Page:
Baryshnikov arrives to perform

Self-deprecating ballet dancer comes to "meet a new generation."

By ORI J. LENKINSKI
June 25, 2010 02:33
3 minute read.
Baryshnikov with Ana Laguna.

mikhail baryshnikov 311. (photo credit: Bengt Wanselius)

Despite recent cancellations by other international artists, Mikhail Baryshnikov, the famed Russian-American ballet dancer and actor, arrived in Israel this week to honor his commitments to perform.

On Saturday night, Baryshnikov and fellow dancer Ana Laguna will perform Three Solos and a Duet at the Suzanne Dellal Center in Tel Aviv. Next week, the two will perform three more times at the Herzliya Performing Arts Center.

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 “I made this commitment a long time ago,” he told a press conference Thursday morning at Suzanne Dellal. “The United States and a lot of European countries are deeply concerned about what is going on in this part of the world. It painfully affects what happens in our internal politics.

“It is an enormous job to be impartial and to be constructive. We all hope that this conflict will be resolved as soon as possible,” he said.

Baryshnikov, named by many as one of the three greatest dancers of the past century, along with Rudolf Nureyev and Vaslav Nijinsky, was applauded by the 50 or so journalists when he and Laguna were ushered into the room by Yair Vardi, artistic director of the Suzanne Dellal Center, and he proved a charming and charismatic speaker.

“It always takes chutzpa to go on stage,” Baryshnikov told the reporters, self-deprecatingly.  “It’s every entertainer’s karma and it’s a bit embarrassing, because you are saying ‘I think I’m good enough to go on stage.’”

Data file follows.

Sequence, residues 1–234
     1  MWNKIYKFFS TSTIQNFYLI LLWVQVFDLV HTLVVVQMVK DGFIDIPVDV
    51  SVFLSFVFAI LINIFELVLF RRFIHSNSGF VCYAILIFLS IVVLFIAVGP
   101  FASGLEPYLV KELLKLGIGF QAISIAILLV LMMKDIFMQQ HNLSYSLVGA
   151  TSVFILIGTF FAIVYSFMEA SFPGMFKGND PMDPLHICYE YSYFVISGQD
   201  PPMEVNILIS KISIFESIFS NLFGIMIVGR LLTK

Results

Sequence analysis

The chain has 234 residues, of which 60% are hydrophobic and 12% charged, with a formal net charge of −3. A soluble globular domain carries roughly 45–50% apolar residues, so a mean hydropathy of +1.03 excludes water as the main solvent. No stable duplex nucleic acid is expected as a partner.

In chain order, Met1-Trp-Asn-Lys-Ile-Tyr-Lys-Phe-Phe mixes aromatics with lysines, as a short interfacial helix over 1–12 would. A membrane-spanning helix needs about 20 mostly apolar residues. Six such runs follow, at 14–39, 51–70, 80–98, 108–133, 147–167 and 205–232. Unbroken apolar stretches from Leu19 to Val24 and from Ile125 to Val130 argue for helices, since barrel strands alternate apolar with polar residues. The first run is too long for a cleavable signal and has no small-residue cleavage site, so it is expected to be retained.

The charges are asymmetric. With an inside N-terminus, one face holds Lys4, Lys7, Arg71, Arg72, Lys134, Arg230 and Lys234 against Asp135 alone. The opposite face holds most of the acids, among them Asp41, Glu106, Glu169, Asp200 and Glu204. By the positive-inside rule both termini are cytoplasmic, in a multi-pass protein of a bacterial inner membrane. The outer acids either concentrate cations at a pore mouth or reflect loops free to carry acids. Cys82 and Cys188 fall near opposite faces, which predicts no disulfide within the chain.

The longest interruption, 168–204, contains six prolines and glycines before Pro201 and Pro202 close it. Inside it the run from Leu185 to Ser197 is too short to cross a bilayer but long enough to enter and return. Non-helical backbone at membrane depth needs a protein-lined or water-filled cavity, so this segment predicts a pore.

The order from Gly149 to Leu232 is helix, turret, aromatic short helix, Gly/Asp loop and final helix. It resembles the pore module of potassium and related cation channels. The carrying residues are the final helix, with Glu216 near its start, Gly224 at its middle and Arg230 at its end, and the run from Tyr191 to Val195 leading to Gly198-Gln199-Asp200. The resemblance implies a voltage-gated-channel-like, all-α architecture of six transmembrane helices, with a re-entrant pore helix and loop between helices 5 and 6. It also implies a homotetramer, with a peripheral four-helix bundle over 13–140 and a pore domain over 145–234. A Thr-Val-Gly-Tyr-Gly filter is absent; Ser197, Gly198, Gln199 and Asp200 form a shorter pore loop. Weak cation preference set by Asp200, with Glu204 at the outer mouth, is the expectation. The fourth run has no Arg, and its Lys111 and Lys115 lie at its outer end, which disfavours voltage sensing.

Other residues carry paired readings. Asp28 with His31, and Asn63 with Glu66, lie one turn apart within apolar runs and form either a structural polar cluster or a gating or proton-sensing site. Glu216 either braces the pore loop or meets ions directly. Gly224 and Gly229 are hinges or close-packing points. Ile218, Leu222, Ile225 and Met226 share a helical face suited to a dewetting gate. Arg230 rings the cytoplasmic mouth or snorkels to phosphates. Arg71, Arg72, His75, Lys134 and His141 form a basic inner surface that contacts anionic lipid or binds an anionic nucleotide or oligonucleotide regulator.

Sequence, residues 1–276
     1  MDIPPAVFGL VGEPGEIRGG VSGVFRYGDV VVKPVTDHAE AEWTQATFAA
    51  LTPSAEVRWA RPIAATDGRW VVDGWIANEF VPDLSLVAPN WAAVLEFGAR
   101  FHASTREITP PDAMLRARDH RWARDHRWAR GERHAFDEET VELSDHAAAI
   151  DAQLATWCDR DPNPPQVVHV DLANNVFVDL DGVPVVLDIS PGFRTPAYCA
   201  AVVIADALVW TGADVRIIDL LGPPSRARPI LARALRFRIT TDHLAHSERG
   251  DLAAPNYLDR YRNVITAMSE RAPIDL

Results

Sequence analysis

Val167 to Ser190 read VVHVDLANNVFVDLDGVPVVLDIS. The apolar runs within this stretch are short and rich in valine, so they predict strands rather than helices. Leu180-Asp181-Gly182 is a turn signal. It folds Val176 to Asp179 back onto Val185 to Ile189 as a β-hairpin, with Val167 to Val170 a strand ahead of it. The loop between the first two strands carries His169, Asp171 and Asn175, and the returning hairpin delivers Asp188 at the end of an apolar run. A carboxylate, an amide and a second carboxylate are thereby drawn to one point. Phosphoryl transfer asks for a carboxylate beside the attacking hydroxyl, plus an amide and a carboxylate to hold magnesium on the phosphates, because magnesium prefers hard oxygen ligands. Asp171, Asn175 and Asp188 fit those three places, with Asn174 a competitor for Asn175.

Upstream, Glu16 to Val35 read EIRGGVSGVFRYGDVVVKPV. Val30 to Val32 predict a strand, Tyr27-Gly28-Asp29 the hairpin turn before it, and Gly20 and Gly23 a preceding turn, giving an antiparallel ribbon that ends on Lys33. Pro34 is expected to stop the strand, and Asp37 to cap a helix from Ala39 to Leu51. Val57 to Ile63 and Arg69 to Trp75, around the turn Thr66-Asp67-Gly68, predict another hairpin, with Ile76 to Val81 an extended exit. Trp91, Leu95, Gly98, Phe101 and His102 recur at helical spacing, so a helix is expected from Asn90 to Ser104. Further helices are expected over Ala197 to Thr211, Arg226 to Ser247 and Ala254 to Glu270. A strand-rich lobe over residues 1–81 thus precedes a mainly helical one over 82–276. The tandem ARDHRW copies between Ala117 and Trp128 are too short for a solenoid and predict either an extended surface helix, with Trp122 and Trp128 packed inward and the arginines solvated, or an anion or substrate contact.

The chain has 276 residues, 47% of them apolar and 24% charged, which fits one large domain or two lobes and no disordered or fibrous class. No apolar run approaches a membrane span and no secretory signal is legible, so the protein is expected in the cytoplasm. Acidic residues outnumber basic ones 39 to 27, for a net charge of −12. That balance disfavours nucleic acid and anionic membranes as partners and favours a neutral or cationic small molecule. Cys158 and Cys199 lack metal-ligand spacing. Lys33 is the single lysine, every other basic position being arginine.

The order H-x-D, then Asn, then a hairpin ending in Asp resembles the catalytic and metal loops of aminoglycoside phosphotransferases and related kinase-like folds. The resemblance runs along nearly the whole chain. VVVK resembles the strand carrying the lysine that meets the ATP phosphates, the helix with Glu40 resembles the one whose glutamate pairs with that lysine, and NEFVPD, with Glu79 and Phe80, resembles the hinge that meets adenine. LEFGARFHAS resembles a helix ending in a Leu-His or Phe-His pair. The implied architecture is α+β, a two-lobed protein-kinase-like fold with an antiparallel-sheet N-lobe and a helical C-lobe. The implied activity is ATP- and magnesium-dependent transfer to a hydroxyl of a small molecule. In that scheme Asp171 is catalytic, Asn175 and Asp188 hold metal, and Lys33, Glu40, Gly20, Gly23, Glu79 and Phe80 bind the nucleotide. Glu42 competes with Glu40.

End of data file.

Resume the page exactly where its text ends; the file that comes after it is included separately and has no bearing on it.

Applied to Baryshnikov, “good enough” sounds like a spectacular understatement. The 62-year-old has danced on practically every major stage in the world and has starred in several feature films.

While on tour with the Bolshoi Ballet in the 1970s, Baryshnikov defected from the Soviet Union to Canada and continued to America, where he was hired to be a principal dancer with The American Ballet Theater. In 1990, Baryshnikov and Mark Morris created The White Oak Project, where Baryshnikov spent 12 years dancing. It was during his time with the White Oak Project that he last visited and performed in Israel.

He recently founded the Baryshnikov Arts Center in Manhattan, where he encourages and develops young choreographers.

Unlike many of his peers, Baryshnikov never tried his hand at choreography. “I’m not a choreographer or a theater director. I am not a teacher or a guru. I’m just a dancer,” he said.

Ana Laguna was born in Spain. The same year that Baryshnikov left his home country, Laguna joined the Cullberg Ballet in Sweden. She spent almost 20 years with the troupe, performing works by the world’s most renowned choreographers, including Ohad Naharin and her husband, Mats Ek.

Three Solos and a Duet includes two duets by Ek – “Solo for Two” and “Place” – as well as two solos danced by Baryshnikov: “Valse-Fantasie” by Alexei Ratmansky and “Years Later” by Benjamin Millepied.

“Years Later” is a multimedia work in which Baryshnikov dances alongside a video of himself at age 17. “This is a very intimate project. I hope the audience will enjoy it,” he said.

Baryshnikov admitted that his departure from the stage, which, he said, “will be a bittersweet moment,” may not be far off.

Meanwhile, he seemed to thoroughly enjoy being here. “I have a lot of friends in Israel, my former classmates and people that I danced with, dancers I admire,” he said. “Hopefully we will meet a new generation of your audience and dance lovers.”


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